Forum for Science, Industry and Business

Sponsored by:     3M 
Search our Site:

 

Cardiac wakeup call for Canadian kids

26.10.2010
Poor sleep patterns and lack of proper sleep could be threatening thousands of Canadian adolescents with premature heart disease and stroke

Poor sleep patterns and lack of proper sleep could be threatening thousands of Canadian adolescents with premature heart disease and stroke, warns Heart and Stroke Foundation researcher Dr. Brian McCrindle, a pediatric cardiologist at the Hospital for Sick Children in Toronto.

"Sleep disorders in kids are on the increase. They are marching hand in hand with other increasing cardiovascular risk factors such as overweight and obesity, lack of physical activity, a poor diet, and high levels of unhealthy cholesterol," Dr. McCrindle today told the Canadian Cardiovascular Congress 2010, co-hosted by the Heart and Stroke Foundation and the Canadian Cardiovascular Society.

"Teens who experience more disordered sleep − in terms of duration, quality, and pattern − have a higher body mass index and a correspondingly higher risk of overweight and obesity," says Dr. McCrindle. "This, in turn, can lead to higher levels of cholesterol, another risk factor."

Over 1,600 students in grade 9 (ages 14 to 16) participated in the Healthy Schools screening program run by Heart Niagara. Overall, 22 per cent of students rated their sleep as fairly or very bad. Fourteen per cent of students reported difficulty staying awake during the day one to two times a week. Five per cent reported problems staying awake during the day more than three times a week.

Significant numbers of children are already taking prescription or over-the-counter medications for sleep disorders, says Dr. McCrindle. Seventeen per cent of the students in this study reported regularly taking sleep medication.

The children who participated in the study used a questionnaire to track their overall sleep quality, frequency of sleep disturbances, and their use of sleep medication. Blood pressure, total blood cholesterol, and waist circumference measurement were also recorded.

Studies relate poor sleeping habits or not getting enough sleep with higher levels of blood pressure and other poor health conditions. And, conversely, physical inactivity and poor eating habits can affect one's sleep. "It is a perfect example of harmful synergy at work," says Dr. McCrindle. "It's like the chicken and egg conundrum: lack of physical activity and poor food choices negatively affect quality of sleep – and on the other hand, lack of sleep can lead to being too tired to exercise and not taking the time to eat properly."

Heart and Stroke Foundation spokesperson Dr. Beth Abramson says that more than half of kids between the ages of five and 17 aren't active enough to support optimal development. "Just as we've made it a priority to alert adults to the perils of an unhealthy lifestyle, we must start earlier than ever to ensure that our kids become properly educated from the start."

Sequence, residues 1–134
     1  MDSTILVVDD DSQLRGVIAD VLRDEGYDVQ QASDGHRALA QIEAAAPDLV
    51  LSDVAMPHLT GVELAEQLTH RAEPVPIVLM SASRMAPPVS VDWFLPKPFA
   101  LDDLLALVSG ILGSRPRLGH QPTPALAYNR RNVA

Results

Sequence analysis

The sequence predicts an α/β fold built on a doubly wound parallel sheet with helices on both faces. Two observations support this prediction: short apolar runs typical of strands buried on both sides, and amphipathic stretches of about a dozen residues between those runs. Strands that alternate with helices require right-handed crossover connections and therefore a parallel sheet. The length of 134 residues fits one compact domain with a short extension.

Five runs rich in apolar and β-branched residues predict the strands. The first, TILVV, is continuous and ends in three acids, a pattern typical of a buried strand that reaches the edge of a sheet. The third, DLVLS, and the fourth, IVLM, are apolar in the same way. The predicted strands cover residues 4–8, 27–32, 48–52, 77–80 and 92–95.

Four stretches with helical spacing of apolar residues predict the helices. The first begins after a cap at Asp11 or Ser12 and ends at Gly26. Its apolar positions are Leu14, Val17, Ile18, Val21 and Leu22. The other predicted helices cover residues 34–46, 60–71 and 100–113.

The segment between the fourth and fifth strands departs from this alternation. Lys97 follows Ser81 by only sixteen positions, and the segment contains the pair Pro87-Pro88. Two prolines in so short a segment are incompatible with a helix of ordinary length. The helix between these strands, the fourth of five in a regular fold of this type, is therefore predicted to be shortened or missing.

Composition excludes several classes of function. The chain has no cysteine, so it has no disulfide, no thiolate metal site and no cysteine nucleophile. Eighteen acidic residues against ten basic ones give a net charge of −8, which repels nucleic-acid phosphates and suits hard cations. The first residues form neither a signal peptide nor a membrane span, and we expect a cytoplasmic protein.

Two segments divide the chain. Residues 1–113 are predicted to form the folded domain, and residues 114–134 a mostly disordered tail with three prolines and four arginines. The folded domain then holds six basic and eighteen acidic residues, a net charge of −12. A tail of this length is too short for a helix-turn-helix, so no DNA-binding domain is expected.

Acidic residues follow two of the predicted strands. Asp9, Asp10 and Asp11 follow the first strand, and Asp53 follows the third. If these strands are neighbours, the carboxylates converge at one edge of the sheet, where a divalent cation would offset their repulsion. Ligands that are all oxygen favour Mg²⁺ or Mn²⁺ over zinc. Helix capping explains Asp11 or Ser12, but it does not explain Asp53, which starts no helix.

Dr. Abramson says that a great place to start is at the school level, where our children spend many of their days. "The healthy choice should be the easy choice in schools," she says. "One of the best ways to ensure kids get their 90 minutes of daily physical activity is a school environment which supports and promotes physical activity."

She says we need to lead by example as adults to help kids have healthy lives outside the classroom as well. "Parents can be good role models. If we work together on achieving healthier lifestyles by eating healthfully and being physically active on a regular basis, hopefully this disturbing trend in poor sleep and risk factors in teens can be reduced."

Dr. Abramson says if teens having serious difficulty with sleep should speak to their doctors to find solutions, which are available. For others she offers these sleeping tips:

Commit to a sound sleep routine. Not getting enough sleep, or poor quality sleep, can make it very difficult to handle everyday stress.

Try to go to bed and wake up at the same time everyday – even on weekends.

Sleep primarily at night. If you nap during the day, keep your naps short. Save your longest sleep for the night.

Get at least eight hours of sleep every night.

Avoid upsetting conversations, arguments, or anything that causes you distress before bed.

Don't eat or drink large amounts before bedtime.

Avoid nicotine, caffeine, and alcohol in the evening.

Be physically active – regular activity can help with a more restful sleep, however, for some exercising right before bed may make getting to sleep more difficult.

Go to bed when you are tired and turn out the lights.

Life changes in the teen years cause stress, speak to a parent or doctor about ways to deal with anxiety.

According to Dr. McCrindle, one of the great healthcare deficiencies in Canada is that, although there is a push to recognize guidelines for management of risk factors in adults, there is nothing for our children.